January 30, 2009 Researchers from Monash University in Australia are working on microbot motors designed to swim through the human bloodstream. Dubbed the "Proteus" after the miniature submarine that traveled through the body in the 1966 sci-fi flick, Fantastic Voyage, the tiny piezoelectric motor is just 250 micrometers or a quarter of a millimetre wide - that's around 2.5 times the width of a human hair.
The motor could be injected into the bloodstream to make current methods of minimally invasive surgery such as keyhole surgery safer and more effective.
Despite the obvious advantages of minimally invasive procedures over cut and sew methods, there is still room for minimizing risk according to research team leader Professor James Friend.
"Serious damage during minimally invasive surgery is however not always avoidable and surgeons are often limited by the width of a catheter tube for example, which in serious cases, can fatally puncture narrow arteries," Professor Friend said.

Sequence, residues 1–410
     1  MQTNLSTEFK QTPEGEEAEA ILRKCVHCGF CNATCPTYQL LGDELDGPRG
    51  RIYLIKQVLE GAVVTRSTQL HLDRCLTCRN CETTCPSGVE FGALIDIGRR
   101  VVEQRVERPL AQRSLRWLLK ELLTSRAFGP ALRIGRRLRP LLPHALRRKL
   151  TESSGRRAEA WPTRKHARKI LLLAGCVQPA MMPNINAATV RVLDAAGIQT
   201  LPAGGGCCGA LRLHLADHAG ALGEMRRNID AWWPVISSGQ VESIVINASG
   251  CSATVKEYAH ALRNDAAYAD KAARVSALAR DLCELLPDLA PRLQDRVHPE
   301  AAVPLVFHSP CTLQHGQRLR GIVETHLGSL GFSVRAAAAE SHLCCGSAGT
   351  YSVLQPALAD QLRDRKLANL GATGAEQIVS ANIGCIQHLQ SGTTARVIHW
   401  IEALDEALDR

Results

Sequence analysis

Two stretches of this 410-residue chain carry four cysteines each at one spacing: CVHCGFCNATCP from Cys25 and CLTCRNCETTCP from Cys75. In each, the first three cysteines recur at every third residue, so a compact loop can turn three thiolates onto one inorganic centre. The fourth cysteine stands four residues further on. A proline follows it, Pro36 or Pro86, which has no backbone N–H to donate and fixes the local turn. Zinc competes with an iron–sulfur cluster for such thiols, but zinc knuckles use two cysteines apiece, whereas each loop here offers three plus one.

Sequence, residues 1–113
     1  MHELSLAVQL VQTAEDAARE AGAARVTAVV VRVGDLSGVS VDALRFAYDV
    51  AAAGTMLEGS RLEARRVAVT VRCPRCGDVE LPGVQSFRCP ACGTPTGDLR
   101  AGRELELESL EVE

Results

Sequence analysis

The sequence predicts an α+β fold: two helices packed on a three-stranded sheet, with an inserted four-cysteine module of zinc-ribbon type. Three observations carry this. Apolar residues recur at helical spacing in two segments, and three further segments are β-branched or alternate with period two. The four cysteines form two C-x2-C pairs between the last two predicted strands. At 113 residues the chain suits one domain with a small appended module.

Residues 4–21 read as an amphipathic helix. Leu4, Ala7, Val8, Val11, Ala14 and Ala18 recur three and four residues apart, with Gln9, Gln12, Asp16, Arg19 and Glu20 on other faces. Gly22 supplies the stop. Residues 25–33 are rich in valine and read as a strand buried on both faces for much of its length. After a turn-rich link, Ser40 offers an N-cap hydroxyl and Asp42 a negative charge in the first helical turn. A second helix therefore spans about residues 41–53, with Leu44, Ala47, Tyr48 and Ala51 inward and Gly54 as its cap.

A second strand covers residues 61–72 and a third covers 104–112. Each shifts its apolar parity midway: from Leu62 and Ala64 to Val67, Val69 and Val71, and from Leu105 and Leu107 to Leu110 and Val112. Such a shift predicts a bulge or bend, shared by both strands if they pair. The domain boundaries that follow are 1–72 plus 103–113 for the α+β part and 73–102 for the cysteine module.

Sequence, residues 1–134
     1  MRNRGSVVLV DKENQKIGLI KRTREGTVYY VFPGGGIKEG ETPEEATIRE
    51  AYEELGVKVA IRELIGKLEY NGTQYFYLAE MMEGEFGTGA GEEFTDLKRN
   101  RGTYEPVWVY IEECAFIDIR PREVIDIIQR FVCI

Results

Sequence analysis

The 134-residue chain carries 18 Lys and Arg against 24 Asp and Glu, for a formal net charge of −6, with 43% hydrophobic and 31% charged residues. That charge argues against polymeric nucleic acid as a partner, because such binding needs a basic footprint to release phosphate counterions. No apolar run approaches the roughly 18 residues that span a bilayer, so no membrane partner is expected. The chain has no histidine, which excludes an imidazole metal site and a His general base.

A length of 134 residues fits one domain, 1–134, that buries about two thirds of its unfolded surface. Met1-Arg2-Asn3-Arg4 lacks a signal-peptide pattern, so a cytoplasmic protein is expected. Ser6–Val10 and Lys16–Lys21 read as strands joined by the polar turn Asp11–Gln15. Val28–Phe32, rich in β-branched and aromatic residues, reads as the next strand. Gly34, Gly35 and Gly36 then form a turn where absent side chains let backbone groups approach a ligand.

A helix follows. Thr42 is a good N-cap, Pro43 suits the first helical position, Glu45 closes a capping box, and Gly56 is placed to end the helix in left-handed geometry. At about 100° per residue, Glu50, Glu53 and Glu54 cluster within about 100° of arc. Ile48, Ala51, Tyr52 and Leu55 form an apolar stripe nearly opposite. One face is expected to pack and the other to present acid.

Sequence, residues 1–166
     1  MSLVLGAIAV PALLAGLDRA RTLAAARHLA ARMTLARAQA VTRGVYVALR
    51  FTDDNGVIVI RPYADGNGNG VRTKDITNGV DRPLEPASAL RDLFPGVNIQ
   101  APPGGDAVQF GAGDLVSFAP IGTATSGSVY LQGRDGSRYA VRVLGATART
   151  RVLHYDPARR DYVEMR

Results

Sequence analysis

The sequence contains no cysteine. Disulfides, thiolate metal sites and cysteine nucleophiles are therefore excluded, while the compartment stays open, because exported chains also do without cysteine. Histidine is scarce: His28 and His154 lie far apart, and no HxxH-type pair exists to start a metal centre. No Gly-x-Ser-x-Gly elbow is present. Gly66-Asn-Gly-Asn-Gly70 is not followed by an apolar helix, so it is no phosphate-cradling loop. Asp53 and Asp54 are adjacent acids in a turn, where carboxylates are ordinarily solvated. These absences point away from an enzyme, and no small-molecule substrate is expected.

The micro-motor would carry tiny cameras and sensor equipment and could access parts of the body, like a stroke-damaged artery in the brain, that are beyond the reach of catheters.
To achieve its swimming motion, the vibrating motor is attached to a spiral tail that spins at up to 1295 rpm and acts as a kind of propeller to drive the device forward in a motion similar to that used by bacterial flagella.
Piezoelectricity is the ability of materials like certain ceramics to generate an electric potential in response to applied mechanical stress. Even of you aren't familiar with the term, you've almost certainly encountered the phenomenon in quartz watches and gas stoves. More recently it's been applied in more radical energy saving scenarios like heel-strike generators which farm the energy of footsteps. There's even research underway into roads that harness traffic energy.
In the case of in vivo surgery, Professor Friend and his team chose this as the energy force for their micro motors for two main reasons: it can be scaled down to a level small enough to enter the body and at the same time, it retains enough force to overcome the force of the blood's current.
Prototypes of the motors have been produced the team is working on ways to improve the assembly method and design. The research is outlined in a paper entitled "Piezoelectric ultrasonic resonant motor with stator diameter less than 250 µm: the Proteus motor" which is to be published the IOP Journal of Micromechanics and Microengineering this month.
Via Monash University.
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